Once COVID hit, we walked even more as a family, almost every day. I would always stop to soak in that “Sea.” Then one day, during a time in the pandemic when lockdown had lasted longer than anyone dreamt it would and everyone was feeling desperate, I noticed someone had come along and crossed it out with a bright blue X. I was incensed and bitter over this, what I thought of a complete failure of imagination in a time when we needed to imagine more than ever to get through our days. I began the poem with that anger, but the poem took over—it was really an instance of a poem writing itself—and went into a surprising (to me!) empathetic address to the blue-X-perpetrator. I found myself imagining acknowledging to X that walks do not always illuminate or give or soothe; sometimes you’re just walking into whatever you want to get through, but you can’t. 

Q: What are you reading and recommending this summer?
A: My current reading stack holds Ross Gay’s Inciting Joy, Saint Rafael Arnaiz’ The Collected Works, Karen Solie’s The Caiplie Caves, Maggie Millner’s Couplets, Dunya Mikhail’s The Bird TattooMeg Day’s Last Psalm at Sea Level, J.C. Scharl’s Sonnez Les Matines, Rochelle Hurt’s The J GirlsNandi Comer’s Tapping OutI’m always reading the Iliad, along with sourcebooks for women in antiquity, and I’m honestly taking years to get through Adrienne Mayor’s awesome The Amazons. I also just finished Brian Bouldrey’s The Genius of Desire, in its 2019 reissue (1993 original debut) from ReQueered Tales. Like Julie Buntin’s Marlena, which I also devoured earlier this year, it’s a hauntingly gorgeous Michigan Bildungsroman. 

My favorite things to recommend to friends include Tove Jansson’s The Summer Book, which is just a perfect, well, summer book; Anne Carson’s Short TalksItalo Calvino’s Invisible Citiesand Susanna Clarke’s Piranesi. 

Q: Where is your writing taking you next? 
A: I have been working for years now on translating Homer’s Iliad. The manuscript combines translated sections of the Ancient Greek epic with fiction: historically inspired vignettes of ancient people who knew and loved the poem, and heard and saw it delivered in its original context of oral performances. I want to invite contemporary readers to encounter the Iliad as those in the ancient world did – not as a book that takes weeks or months to read in silent solitude, but as a song, an episode at a time, heard as a member of an audience, within a community. The current title is The Iliad Rewilded, which may be too much of a mouthful, but I hope it could indicate that the ancient audience members were native inhabitants of the ecology of the epic’s ancient flourishing, and I’m planting them back into its landscape. The translations also play with meter and white space, and vignettes give glimpses of how men and women of higher and lower class, soldiers and veterans, athletes and priestesses, grammarians and musicians, the elderly or anyone with disabilities, and even children, would have encountered the poem, and how they might have related the characters to their own lives. I’d like it to be a book that evokes a time and a poem before books.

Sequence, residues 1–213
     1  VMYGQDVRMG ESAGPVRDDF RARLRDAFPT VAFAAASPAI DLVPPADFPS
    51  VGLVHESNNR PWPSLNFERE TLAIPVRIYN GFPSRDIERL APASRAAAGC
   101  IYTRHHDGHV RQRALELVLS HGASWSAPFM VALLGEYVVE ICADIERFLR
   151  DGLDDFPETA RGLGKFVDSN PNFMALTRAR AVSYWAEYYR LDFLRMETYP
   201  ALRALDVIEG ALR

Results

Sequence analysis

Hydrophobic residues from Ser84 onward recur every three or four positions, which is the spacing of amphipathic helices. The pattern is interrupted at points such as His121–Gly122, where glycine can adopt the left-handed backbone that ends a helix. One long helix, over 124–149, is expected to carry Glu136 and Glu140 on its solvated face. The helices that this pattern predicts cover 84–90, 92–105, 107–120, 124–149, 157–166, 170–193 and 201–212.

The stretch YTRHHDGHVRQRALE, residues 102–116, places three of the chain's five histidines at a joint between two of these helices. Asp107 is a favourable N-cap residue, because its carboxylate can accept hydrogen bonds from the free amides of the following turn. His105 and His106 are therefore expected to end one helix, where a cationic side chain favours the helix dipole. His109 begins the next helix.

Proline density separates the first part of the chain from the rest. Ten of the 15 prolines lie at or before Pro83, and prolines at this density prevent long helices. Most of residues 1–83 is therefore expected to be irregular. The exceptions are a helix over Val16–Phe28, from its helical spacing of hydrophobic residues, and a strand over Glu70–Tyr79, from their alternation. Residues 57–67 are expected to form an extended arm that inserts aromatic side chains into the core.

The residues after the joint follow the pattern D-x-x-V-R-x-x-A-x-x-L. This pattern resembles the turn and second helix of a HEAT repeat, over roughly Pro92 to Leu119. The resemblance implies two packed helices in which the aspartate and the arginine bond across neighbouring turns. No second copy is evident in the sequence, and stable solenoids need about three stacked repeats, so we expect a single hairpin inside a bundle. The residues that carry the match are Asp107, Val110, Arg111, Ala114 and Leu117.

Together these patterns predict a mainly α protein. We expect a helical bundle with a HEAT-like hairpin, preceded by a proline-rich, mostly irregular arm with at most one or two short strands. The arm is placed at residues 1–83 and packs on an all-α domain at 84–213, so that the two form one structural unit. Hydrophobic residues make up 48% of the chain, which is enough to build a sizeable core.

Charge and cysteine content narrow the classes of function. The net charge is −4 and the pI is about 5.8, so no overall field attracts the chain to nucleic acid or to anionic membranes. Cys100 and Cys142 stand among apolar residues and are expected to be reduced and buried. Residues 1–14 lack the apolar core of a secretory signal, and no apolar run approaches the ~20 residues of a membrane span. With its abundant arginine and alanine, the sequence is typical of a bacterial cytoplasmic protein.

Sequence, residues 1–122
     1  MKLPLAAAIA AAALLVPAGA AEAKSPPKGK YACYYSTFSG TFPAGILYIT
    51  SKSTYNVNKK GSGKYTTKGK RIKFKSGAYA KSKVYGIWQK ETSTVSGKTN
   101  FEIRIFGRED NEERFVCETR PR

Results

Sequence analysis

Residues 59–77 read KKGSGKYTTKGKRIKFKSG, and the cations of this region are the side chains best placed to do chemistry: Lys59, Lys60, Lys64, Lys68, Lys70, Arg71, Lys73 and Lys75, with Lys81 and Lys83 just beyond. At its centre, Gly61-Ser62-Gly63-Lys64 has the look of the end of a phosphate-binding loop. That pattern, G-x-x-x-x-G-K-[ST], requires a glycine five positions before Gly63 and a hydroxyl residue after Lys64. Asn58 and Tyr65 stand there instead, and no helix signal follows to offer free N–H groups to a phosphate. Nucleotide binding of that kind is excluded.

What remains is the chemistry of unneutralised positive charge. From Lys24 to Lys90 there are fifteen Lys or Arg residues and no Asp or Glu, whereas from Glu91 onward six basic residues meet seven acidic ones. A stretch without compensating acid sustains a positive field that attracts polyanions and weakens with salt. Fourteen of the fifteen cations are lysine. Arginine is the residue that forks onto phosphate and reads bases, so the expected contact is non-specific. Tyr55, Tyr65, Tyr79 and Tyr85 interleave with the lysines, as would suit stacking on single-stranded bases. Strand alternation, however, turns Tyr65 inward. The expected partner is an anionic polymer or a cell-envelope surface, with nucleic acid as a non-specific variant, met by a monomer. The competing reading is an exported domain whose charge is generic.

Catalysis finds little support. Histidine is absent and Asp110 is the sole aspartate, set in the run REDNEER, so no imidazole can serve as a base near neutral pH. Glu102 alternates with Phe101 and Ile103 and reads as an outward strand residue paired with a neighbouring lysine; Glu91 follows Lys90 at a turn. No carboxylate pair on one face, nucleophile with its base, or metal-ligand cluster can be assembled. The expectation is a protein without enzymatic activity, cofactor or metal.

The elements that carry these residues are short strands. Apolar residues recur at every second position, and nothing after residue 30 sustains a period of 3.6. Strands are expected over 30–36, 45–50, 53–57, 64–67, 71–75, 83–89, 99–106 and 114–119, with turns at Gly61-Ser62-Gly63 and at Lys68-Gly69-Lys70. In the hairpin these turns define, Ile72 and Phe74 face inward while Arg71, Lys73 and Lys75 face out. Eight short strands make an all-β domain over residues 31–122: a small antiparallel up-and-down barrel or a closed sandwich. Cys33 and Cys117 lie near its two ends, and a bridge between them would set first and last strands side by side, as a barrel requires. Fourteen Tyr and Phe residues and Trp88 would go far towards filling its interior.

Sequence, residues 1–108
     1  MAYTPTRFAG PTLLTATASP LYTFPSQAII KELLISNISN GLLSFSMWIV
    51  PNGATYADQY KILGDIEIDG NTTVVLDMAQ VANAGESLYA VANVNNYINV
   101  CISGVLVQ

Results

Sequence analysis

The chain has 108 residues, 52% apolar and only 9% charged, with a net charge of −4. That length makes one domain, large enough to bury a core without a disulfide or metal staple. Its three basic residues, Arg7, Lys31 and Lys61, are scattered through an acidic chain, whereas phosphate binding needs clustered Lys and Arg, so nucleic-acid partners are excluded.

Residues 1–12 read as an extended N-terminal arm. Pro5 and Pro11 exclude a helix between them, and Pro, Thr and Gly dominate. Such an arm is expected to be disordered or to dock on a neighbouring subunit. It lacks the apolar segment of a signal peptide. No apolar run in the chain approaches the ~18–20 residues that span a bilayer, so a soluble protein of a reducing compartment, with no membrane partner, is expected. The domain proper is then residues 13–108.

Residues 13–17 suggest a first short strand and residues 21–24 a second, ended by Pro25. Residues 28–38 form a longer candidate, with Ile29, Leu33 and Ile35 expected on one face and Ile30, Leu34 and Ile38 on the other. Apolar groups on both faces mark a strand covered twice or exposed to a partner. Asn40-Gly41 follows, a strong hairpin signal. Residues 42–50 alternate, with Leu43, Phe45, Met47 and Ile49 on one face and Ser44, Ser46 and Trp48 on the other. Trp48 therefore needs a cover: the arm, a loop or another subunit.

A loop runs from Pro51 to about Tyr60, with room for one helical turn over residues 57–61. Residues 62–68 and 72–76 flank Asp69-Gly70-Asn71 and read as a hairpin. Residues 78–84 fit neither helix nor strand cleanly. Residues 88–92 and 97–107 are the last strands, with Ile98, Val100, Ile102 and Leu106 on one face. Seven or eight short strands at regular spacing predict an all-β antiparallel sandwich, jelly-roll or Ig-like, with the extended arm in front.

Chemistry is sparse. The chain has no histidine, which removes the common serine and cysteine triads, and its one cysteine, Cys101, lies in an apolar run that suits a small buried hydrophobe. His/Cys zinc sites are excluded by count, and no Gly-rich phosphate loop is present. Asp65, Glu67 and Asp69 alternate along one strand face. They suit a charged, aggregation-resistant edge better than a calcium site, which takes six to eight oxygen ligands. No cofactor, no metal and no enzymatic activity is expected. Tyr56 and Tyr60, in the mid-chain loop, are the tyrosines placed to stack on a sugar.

And my current poetry manuscript, which I began before finishing Wolf Trees, is called The Last Crusade. It has poems about water, the heroics and pitfalls of adolescence in contemporary America, climate anxiety, and prayer. And Indiana Jones.

Martha Stuit is a former reporter and current librarian.